General Electric to build its first “micro-factory” in Louisville, Ky., in collaboration with the University of Louisville and extending its partnership with Local Motors. The installation, to be called FirstBuild, will be a center for prototyping new designs and conducting small-batch manufacturing for new GE Appliance products, all at an accelerated pace.
GE plans for the micro-factory to be open this summer. The cost of the development was not announced.
The micro-factory was first announced in March when GE initiated its partnership with Local Motors, the open-source design and hardware market that provides low-cost tools, small-scale manufacturing capabilities, and marketing strategies for hobbyist as well as OEMs. Together, the new partners plan to pool development efforts and micro-manufacturing capabilities to commercialize new GE products.
The Louisville location will be near to the GE Appliance headquarters and major assembly plant in that city.
“To win in the appliance industry, we have to innovate faster than ever before since we are now competing with companies that apply their rapid electronic products introduction strategy to the appliance industry,” stated Kevin Nolan, GE Appliances’ vice president of technology.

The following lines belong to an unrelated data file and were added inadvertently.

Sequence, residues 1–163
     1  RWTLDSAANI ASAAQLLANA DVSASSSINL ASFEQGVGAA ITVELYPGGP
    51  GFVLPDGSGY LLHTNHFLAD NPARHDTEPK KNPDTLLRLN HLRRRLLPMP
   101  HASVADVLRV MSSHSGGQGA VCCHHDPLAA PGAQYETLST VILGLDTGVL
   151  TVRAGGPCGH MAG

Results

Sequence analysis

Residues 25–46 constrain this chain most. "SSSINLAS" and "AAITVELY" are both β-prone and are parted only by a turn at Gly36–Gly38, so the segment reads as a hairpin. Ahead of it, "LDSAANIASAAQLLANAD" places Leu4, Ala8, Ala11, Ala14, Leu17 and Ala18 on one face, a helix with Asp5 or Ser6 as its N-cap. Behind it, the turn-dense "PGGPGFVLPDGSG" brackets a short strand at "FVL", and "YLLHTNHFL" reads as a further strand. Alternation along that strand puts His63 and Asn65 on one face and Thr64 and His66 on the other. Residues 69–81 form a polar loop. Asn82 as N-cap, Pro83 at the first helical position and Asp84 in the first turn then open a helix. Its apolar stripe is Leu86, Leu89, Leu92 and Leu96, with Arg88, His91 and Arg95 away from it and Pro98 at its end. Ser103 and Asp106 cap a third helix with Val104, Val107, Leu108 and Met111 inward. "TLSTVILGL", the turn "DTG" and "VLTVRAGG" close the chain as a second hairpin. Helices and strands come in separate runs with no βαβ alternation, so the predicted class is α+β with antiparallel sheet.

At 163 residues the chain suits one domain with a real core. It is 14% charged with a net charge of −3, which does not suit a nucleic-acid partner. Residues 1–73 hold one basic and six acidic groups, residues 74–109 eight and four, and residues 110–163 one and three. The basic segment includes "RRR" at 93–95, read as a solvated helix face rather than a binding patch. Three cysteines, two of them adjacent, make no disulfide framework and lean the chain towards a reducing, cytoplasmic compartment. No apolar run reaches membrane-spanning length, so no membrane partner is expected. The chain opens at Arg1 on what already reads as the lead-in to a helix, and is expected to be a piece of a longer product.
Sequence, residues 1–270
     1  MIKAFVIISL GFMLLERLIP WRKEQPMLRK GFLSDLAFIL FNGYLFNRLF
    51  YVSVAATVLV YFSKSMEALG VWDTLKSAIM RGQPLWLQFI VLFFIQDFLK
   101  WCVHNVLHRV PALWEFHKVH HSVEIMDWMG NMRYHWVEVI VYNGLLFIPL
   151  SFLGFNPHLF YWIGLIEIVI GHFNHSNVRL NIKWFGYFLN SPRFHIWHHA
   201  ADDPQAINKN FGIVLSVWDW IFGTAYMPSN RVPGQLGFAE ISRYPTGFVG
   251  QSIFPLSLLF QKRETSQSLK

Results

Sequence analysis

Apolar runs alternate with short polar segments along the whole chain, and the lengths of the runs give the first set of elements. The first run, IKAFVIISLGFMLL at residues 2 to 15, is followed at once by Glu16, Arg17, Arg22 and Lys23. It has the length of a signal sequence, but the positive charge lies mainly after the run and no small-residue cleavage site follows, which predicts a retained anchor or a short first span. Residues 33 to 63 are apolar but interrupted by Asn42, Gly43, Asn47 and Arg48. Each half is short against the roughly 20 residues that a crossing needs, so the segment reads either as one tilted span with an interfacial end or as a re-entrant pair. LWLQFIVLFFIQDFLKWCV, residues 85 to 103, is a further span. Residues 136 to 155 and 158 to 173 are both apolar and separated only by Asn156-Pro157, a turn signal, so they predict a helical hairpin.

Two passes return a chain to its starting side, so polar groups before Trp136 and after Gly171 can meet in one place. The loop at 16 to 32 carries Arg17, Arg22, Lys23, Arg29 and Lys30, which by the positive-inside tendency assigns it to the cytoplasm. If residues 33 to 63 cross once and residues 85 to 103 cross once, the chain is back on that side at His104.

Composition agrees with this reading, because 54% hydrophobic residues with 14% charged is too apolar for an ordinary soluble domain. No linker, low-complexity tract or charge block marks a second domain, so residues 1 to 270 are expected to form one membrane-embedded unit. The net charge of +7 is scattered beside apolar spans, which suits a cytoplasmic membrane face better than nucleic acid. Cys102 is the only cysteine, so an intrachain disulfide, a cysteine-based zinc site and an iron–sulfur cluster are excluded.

“This new model will enable us to be more creative in the design and delivery of the products,” Nolan continued, “and do so with lower risk and cost while drastically reducing the time from mind to market.” “FirstBuild* will also enable us to move select products to larger-scale production with more confidence because they will have been vetted by the new platform first.”
GE announced that the initial focus of FirstBuild project will be “the future of cooking,” with the global community innovators coordinated by Local Motors refining and prototyping ideas to improve existing GE products, and bring forth new designs.
The new micro-factory will be situated on the University of Louisville Belknap Campus. The location will be accessible to engineering, advanced manufacturing and other student activities, promoting a strong local network of community members.
“Today, America is searching to define its new manufacturing soul,” observed Local Motors CEO Jay Rogers. “Many people assume this industrial reinvigoration will come out of the tech hubs of San Francisco, Boston or New York. Trends such as micro-manufacturing powered by co-creation, however, as well as the industrial Internet are showing us that cities like Louisville can again be leaders in the Third Industrial Revolution.”